We perceive no incongruity in limiting the liability of the ship and its owners, without similarly limiting the stevedore's liability for its tort. The extent of the latter's liability was apparently not in contemplation in the drafting of the statute, or the bill of lading to which it was not a party. The principle that independent liabilities, differently measured, may co-exist, was given recognition by Judge Chesnut in The Steel Inventor, D.C., 35 F.Supp. 986, 996, 997.


It is, of course, true that the practice of using stevedores' services in loading and unloading ships was well known both when Cogsa was enacted and when the bill of lading was executed. In the absence of any reference to the stevedore in defining the statutory or contractual limitation of the carrier's liability, it does not follow that the stevedore was to be included. Rather, the silence of Congress and the contracting parties suggests that only the carrier's and not the stevedore's liability was to be affected. In Wilson v. Darling Island Stevedoring and Lighterage Co., Ltd. (1956), Argus Law Reports 311, 29 Australian Law Journal 740, in a concurring opinion, Judge Kitto of the Australian Supreme Court says:


'A necessity for the carrier to depend upon others to perform his obligations under the contract suggests a strong reason why he should have desired to stipulate for immunity for himself from liability for loss or damage in the course of the performance of those obligations. But there is no such readily discernible reason why he should concern himself to make, or should be understood as making, a similar stipulation for the benefit of those whom he should engage as servants, stevedores and the like and still less is there any ground for understanding the consignor as conceding immunity to such persons. The train of thought of which the exemption clause is a natural expression is that, since the carrier has no alternative but to rely upon others to do the work involved in producing the result contracted for, it is mutually agreeable that he should not have to bear responsibility for any failure of theirs to observe proper standards in the work they do, but that the consignor shall look to them alone to make good any loss or damage which their defaults may cause.'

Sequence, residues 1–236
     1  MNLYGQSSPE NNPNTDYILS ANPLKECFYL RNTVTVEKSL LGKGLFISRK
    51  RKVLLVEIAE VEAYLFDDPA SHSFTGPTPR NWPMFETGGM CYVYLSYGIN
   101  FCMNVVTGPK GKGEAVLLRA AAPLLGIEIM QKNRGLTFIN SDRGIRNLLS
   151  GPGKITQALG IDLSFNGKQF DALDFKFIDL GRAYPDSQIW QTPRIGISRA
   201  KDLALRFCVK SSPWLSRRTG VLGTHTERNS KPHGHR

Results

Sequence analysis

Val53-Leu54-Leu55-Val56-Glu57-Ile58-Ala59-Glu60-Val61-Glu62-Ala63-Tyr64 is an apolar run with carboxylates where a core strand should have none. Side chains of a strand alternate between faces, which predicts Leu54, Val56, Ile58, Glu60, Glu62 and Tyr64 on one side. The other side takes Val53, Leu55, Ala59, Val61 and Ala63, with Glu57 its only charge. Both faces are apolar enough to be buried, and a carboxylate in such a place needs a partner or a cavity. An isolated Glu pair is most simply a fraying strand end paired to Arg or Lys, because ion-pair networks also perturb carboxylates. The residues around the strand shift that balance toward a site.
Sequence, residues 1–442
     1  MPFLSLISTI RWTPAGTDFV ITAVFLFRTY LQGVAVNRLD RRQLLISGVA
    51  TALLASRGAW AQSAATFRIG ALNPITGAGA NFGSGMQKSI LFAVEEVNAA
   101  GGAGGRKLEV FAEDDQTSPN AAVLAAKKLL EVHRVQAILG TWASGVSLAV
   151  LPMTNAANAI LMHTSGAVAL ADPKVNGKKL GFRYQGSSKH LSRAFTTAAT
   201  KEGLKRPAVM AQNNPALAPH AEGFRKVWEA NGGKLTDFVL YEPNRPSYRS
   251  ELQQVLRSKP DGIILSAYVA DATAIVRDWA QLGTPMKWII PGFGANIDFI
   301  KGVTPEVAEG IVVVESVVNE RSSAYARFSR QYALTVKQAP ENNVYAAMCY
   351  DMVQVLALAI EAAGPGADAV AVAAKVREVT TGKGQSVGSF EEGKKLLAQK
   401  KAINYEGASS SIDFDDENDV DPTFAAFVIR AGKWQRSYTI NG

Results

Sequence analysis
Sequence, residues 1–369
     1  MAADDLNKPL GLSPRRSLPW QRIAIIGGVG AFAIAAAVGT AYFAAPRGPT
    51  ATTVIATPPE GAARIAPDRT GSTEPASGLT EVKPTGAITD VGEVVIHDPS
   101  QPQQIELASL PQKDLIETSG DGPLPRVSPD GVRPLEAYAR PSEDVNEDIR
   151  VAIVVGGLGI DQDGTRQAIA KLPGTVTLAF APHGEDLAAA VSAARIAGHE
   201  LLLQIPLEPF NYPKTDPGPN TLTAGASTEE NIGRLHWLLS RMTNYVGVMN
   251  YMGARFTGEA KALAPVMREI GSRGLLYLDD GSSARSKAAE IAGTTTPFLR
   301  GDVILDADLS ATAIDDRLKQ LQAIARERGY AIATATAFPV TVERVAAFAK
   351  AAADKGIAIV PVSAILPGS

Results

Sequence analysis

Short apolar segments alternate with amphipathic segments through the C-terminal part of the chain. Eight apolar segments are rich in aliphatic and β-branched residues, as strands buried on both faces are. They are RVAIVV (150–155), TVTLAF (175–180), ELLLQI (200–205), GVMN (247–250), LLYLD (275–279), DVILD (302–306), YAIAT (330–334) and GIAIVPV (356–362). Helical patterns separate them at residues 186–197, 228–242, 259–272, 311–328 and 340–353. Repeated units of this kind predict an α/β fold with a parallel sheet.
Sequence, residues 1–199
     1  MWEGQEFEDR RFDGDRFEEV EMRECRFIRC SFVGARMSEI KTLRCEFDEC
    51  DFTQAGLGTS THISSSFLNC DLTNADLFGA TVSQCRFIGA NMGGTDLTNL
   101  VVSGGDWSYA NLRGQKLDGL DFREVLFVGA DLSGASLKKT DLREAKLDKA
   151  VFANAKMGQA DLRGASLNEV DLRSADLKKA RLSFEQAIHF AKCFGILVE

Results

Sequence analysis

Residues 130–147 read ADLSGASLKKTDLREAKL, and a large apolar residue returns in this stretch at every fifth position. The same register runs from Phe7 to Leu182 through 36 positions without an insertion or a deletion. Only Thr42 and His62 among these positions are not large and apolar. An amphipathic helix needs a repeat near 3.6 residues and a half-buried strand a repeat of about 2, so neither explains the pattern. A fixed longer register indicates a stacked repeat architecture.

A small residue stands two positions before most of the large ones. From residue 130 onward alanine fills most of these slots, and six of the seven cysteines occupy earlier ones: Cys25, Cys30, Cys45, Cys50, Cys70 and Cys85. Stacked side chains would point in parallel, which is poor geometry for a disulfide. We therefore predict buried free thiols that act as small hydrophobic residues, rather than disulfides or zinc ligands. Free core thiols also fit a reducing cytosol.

It is urged upon us that the Restatement (2 A.L.I. Restatement, Agency, Sec. 347) entitled the stevedore to the limitation made in favor of the ship. The cited section reads: 'An agent who is acting in pursuance of his authority has such immunities of the principal as are not personal to the principal.' Assuming that 'immunities' includes a limitation of liability, this still leaves unanswered the question, is the 'immunity' conferred by the act and the bill of lading personal to the ship and its owner? We think it is meant for the ship and its owner, not the stevedore. See 66 Harv.L.Rev. 530. If there were a contrary intent, nothing would have been easier than to say in the statute or in the bill of lading that the limitation applies to the ship, its owners and loading agents. As already noted, not only is the statute silent as to stevedores, but there was no suggestion, so far as we can discover, in the legislative history, that stevedores were expected to be included in the statutory limitation. It is not for us to speculate that the protective policy which Congress though appropriate in respect to shipowners might well be extended to others.


The bill of lading defines the term 'carrier' to include 'owners, vessels, masters and charterers thereof, and any substituted or continuing carrier.' By no natural or reasonable interpretation does the stevedore fit within any of these categories. We do not think that the broader interpretation of the definition, urged by the stevedore, is required or appropriate here.